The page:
ST. PAUL, Minn. (AP) _ Minnesota's employee relations commissioner says he doesn't expect the state to add much money to its offer to striking workers whose walkout raised concerns about the state's economic health.
``To go much higher could be characterized as irresponsible,'' Julien Carter said Monday after Minnesota's two largest employee unions went on strike in a dispute over pay and benefits. It was the first such walkout in 20 years.
With nearly 28,000 workers eligible to strike, more than half of the state's work force could be sidelined. If all workers went on strike, it would be the biggest state walkout ever in Minnesota.
Gov. Jesse Ventura said the state has offered workers all it can. In a written statement, he said a bigger offer would have led to service cuts and layoffs.
John Wodele, a spokesman for the governor, said there was no immediate indication of any major problems resulting from the first day of the strike.
Among the workers affected were Capitol security guards, highway maintenance workers, tax collectors, clerical workers and parole and probation officers. State troopers and prison guards were not part of the walkout.
National Guardsmen were called up to work in veterans homes, treatment centers and other institutions. Nonstriking managers from various agencies were reassigned to help with food service, housekeeping and other basic needs, and hundreds of temporary workers were being hired.
The strike closed at least one branch of the office that issues driver's licenses. The Minnesota Zoo was also closed to the public. In addition, the Teamsters said their truck drivers would not cross the picket lines and deliver goods to state buildings.
In attendance reports submitted by agencies that employ 20 percent of workers eligible to strike, state officials found that a quarter of the employees didn't honor the picket lines.
Union leaders authorized the action after a weekend of talks failed to bring new two-year contracts. It's the first walkout since 1981, when some 14,000 public employees struck for 22 days.
Members of American Federation of State, County and Municipal Employees Council 6 and Minnesota Association of Professional Employees delayed their action for two weeks after the Sept. 11 terrorist attacks, but said they couldn't wait any longer.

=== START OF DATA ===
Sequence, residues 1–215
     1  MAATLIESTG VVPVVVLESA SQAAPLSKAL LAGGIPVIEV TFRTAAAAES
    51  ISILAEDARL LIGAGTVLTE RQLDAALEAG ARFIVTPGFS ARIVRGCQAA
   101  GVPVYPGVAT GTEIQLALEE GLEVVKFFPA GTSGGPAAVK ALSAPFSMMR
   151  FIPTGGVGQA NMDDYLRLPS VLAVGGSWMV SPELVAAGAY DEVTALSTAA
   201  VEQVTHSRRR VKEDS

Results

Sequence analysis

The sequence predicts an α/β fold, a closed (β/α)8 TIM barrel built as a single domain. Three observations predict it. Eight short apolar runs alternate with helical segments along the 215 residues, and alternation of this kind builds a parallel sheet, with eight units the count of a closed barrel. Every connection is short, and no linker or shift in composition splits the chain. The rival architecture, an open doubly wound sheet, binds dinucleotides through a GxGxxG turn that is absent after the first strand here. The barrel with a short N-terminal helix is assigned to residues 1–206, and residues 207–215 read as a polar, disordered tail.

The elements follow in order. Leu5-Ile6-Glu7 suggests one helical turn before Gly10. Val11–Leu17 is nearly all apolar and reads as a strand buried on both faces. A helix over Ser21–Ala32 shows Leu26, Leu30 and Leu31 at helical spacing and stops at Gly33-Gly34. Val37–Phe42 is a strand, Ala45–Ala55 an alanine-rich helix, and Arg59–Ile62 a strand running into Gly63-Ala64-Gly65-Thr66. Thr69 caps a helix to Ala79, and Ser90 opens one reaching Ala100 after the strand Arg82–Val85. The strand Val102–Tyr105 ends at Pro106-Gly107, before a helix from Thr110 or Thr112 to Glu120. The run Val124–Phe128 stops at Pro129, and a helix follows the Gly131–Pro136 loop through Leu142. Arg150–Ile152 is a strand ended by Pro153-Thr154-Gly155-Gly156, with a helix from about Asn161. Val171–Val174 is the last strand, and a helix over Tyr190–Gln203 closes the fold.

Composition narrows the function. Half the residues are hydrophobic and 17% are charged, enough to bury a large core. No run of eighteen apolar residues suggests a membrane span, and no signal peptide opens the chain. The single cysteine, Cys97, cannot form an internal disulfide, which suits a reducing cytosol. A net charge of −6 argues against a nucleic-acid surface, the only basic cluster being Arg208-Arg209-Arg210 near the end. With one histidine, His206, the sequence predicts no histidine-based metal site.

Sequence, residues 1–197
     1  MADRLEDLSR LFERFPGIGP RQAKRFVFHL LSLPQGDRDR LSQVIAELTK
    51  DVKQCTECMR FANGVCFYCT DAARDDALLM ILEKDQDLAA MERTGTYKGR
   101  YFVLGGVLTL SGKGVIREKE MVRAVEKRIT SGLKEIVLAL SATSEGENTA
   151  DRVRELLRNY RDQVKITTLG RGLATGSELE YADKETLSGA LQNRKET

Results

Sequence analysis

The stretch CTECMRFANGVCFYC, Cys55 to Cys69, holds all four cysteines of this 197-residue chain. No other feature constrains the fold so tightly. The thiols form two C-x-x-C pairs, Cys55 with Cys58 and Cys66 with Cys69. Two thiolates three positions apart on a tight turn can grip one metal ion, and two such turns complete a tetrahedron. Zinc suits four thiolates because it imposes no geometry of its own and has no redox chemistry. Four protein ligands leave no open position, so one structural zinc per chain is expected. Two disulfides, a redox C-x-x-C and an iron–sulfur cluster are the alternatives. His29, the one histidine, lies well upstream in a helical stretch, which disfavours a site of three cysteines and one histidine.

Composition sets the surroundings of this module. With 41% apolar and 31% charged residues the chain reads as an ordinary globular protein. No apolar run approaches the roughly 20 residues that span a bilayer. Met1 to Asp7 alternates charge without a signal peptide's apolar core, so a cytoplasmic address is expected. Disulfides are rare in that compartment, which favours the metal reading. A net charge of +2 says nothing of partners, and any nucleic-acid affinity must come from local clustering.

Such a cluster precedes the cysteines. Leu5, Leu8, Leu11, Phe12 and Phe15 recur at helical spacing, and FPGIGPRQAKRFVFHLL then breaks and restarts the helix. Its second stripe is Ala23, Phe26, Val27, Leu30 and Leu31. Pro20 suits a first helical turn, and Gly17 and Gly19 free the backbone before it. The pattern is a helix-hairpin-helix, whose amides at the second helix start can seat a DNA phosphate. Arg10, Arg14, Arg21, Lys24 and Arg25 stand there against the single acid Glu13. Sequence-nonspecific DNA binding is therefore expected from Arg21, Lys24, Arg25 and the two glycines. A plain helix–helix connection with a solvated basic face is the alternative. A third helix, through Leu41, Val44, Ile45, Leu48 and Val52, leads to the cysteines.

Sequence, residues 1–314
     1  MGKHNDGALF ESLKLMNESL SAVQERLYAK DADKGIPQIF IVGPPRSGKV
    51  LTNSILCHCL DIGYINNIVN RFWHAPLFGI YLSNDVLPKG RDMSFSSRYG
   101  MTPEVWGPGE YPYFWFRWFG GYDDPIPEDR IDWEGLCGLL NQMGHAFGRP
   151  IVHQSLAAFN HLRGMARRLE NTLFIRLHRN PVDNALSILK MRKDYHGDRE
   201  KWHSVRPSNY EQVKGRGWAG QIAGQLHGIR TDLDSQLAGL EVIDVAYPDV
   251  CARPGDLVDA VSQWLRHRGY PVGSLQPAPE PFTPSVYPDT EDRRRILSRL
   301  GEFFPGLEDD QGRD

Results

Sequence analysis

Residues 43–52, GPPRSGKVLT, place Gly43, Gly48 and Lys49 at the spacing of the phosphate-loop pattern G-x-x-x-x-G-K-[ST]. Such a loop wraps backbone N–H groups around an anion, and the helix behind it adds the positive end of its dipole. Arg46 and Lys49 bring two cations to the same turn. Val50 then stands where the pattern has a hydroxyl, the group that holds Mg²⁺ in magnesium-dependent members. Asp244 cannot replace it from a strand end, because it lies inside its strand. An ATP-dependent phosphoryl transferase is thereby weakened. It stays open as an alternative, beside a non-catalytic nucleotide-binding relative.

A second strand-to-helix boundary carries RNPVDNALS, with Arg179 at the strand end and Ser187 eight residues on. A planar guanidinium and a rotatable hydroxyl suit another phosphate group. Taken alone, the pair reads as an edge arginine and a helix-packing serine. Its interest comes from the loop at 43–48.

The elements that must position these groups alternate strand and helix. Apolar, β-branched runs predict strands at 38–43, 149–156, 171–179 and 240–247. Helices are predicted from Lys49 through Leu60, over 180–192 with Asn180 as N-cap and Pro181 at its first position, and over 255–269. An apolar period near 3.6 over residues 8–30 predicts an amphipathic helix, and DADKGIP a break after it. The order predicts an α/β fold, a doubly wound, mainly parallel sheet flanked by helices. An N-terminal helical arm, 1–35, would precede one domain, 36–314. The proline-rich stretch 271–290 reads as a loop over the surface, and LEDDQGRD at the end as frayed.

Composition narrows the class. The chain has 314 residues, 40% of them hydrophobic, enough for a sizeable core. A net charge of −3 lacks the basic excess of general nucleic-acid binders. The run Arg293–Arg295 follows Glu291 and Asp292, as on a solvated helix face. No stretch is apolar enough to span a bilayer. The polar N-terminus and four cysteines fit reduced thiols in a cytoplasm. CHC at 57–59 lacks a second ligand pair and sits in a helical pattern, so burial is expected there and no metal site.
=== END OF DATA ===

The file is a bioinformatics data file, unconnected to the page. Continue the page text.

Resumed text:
Both sides said they were ready to resume negotiations, but their differences seemed broad.
The state offered AFSCME members a 3 percent pay hike in each of the next two years, and members of MAPE a one-time, 4 percent increase. AFSCME leaders wanted 5 percent increases, MAPE about 4.5 percent each year of a two-year deal.
Health benefits were another sticking point. The state hoped to reduce insurance premiums for most by asking people who use the services to take on higher co-payments and deductibles.
Deborah Schumann, a 47-year-old Minnesota Pollution Control Agency worker, said the state was actually wasting money by trying to keep wage increases low.
``Our not working is going to hurt the economy a lot more than them giving us a pay increase,'' she said.
A University of Minnesota professor said a prolonged strike would have a substantial impact on the state's economy.
Alfred Marcus, a professor of strategic management and organization at the Carlson School of Management, said he was most concerned about the sheer number of potential strikers.
``I think it will hurt if these people hold back on spending,'' he said. ``It's a lot of people.''
If the strike drags into the holiday shopping season, the negative results could be even more pronounced, Marcus said.
The strike comes on top of layoffs across the state, including roughly 10,000 positions at Northwest Airlines because of the falloff in air travel following the Sept. 11 terrorist attacks, in which hijacked planes crashed into the World Trade Center and the Pentagon.
Bureau of Mediation Services Commissioner Lance Teachworth said channels of communication remain open between his office and all of the parties. He said he won't rush to reconvene talks there's signs of movement, and he wouldn't predict how long things will drag out.
``There is no cookbook approach and no prescribed amount of time that would have to elapse,'' Teachworth said.